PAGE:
The latest outing of Captain America and the Avengers is perhaps the strongest film in the Marvel Cinematic Universe, which perfectly demonstrates what filmmakers can achieve with the expanded film universe structure that every studio is currently crazy about.
When an Avengers mission causes the deaths of several innocents, the United Nations drafts the Sokovia Accords; a new law that will force the Avengers to answer to a governing body. Having seen the destruction that superheroes can bring when left unchecked, Tony Stark a.k.a Iron Man, supports the bill, whilst Steve Rogers a.k.a. Captain America, argues that by signing on, they lose their ability to choose what is right and wrong. However, the debate is further complicated by the re-emergence of Captain America’s wartime friend turned enemy the Winter Soldier, who brings the two heroes and their allies to a head, and draws in the African hero Black Panther and the mysterious Zemo, who seeks to use the conflict to bring about his own goals.
The plot itself is pretty strong. While a lot of modern comic adaptations buckle under the weight of trying to achieve too much; with too many characters and too many different plot-lines, Civil War’s directors, the Russo brothers, tie everything together perfectly. The characters all fit within their previously established histories, and everyone gets something to do. The story bounces around the world, tying in different narratives without ever losing sight of the core conflict. A conflict that remains poignant because, unlike some of the other superheroes who have beat each other up on our screens this year, these characters are actually friends.
As such, the characters (and the actors who play them) all shine. Captain America and Iron Man argue their sides in a way that audiences could support either one of them, and even when their acting in their own interests, you still want to see both of them succeed. The supporting Avengers are also brilliant, as each of them undergoes their own arch, becoming richer characters in the process.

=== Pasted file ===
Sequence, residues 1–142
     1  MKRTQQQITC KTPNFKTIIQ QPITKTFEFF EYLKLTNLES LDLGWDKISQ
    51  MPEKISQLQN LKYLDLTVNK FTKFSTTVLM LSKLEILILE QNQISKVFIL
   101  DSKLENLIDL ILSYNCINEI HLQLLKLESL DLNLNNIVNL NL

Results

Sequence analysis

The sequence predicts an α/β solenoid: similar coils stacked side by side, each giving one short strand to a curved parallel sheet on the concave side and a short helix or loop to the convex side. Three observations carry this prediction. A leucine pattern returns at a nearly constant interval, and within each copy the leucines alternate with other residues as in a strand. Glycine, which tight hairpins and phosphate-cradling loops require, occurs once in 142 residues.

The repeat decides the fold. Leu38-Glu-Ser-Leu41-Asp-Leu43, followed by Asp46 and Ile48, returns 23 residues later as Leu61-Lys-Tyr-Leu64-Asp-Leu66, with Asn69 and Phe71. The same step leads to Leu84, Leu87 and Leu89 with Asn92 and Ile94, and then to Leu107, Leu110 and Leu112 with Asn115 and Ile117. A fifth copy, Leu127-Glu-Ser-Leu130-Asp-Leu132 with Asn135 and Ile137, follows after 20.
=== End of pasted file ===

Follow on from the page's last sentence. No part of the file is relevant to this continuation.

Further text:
The stand-outs, however, are the characters new to the franchise. Chadwick Boseman brings the perfect amount of brashness and regality to the role of Black Panther, whilst Tom Holland goes above and beyond as the youthful and hilarious Spider-Man; every time he’s in the frame, he’s someone you can’t take your eyes off, and his one-liners are a lot funnier than the standard quips the other characters throw out, which is very befitting of the web-slinger.
Zemo, however, is perhaps the most interesting of the lot. Although he doesn’t get as much screen-time as the heroes, he is one of the few Marvel villains whose motives you can understand, and perhaps the most intriguing part of the film is, as he points out towards the conclusion, that he doesn’t actually fail…
Even the bonus features are great. The ‘making of’ featurettes give you loads of insight into how the filmmakers and cast approached this conflict; it shows real passion, which definitely shines through in the actual film. The deleted scenes and the gag reel only back this up, as you can see all the actors having a laugh and riffing with each other as they construct one of the best super-hero movies to date.
Of course, there are some problems with the film. The theme music isn’t memorable in the slightest; and it starts and stops rather awkwardly. It will build up with the growing amounts of tension, and then suddenly stop in its tracks so that someone can make a quick quip.
The quips, at times, are similarly annoying; and, what with this being the thirteenth entry into the franchise, another of Marvel’s rather clichéd staples of their movie making. There are some scenes that seem like the things that happen are a little convenient, and some points where some viewers may start to realise just how long this film is.
But frankly, the good far outweighs the bad, and really, who cares about that stuff?
Because even with those minor problems, this film is awesome; a comic fan’s wet dream.
Dir: Anthony Russo & Joe Russon
Scr: Christopher Markus & Stephen McFeely
Cast: Chris Evans, Robert Downey Jr., Chadwick Boseman, Sebastian Stan, Anthony Mackie, Scarlett Johansson, Don Cheadle, Jeremy Renner, Elizabeth Olsen, Paul Bettany, Paul Rudd, Emily VanCamp, Tom Holland, Daniel Brühl, Frank Grillo, William Hurt & Martin Freeman
Prd: Kevin Feige
Music: Henry Jackman
DOP: Trent Opaloch
Runtime: 147 minutes
Captain America: Civil War is out on Blu-Ray, DVD and Digital Download now